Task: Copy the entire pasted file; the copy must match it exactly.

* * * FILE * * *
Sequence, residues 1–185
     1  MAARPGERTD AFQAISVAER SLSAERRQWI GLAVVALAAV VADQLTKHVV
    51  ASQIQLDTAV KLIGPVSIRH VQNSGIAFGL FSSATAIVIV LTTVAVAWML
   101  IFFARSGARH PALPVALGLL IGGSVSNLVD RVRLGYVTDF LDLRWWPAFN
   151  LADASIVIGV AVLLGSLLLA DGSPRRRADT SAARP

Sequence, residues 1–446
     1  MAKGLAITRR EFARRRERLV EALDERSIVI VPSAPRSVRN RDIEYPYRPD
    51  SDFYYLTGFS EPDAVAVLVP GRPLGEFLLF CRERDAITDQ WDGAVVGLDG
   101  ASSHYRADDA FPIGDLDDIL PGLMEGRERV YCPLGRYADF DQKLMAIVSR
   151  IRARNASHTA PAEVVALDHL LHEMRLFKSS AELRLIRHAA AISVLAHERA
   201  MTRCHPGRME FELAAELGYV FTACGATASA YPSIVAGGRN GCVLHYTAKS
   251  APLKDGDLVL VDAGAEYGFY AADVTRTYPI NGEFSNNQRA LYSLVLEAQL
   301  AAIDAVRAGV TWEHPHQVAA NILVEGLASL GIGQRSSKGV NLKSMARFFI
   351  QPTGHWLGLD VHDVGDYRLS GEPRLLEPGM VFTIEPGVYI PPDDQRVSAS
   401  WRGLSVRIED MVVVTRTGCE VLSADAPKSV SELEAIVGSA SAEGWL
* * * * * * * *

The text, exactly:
Sequence, residues 1–185
     1  MAARPGERTD AFQAISVAER SLSAERRQWI GLAVVALAAV VADQLTKHVV
    51  ASQIQLDTAV KLIGPVSIRH VQNSGIAFGL FSSATAIVIV LTTVAVAWML
   101  IFFARSGARH PALPVALGLL IGGSVSNLVD RVRLGYVTDF LDLRWWPAFN
   151  LADASIVIGV AVLLGSLLLA DGSPRRRADT SAARP

Sequence, residues 1–446
     1  MAKGLAITRR EFARRRERLV EALDERSIVI VPSAPRSVRN RDIEYPYRPD
    51  SDFYYLTGFS EPDAVAVLVP GRPLGEFLLF CRERDAITDQ WDGAVVGLDG
   101  ASSHYRADDA FPIGDLDDIL PGLMEGRERV YCPLGRYADF DQKLMAIVSR
   151  IRARNASHTA PAEVVALDHL LHEMRLFKSS AELRLIRHAA AISVLAHERA
   201  MTRCHPGRME FELAAELGYV FTACGATASA YPSIVAGGRN GCVLHYTAKS
   251  APLKDGDLVL VDAGAEYGFY AADVTRTYPI NGEFSNNQRA LYSLVLEAQL
   301  AAIDAVRAGV TWEHPHQVAA NILVEGLASL GIGQRSSKGV NLKSMARFFI
   351  QPTGHWLGLD VHDVGDYRLS GEPRLLEPGM VFTIEPGVYI PPDDQRVSAS
   401  WRGLSVRIED MVVVTRTGCE VLSADAPKSV SELEAIVGSA SAEGWL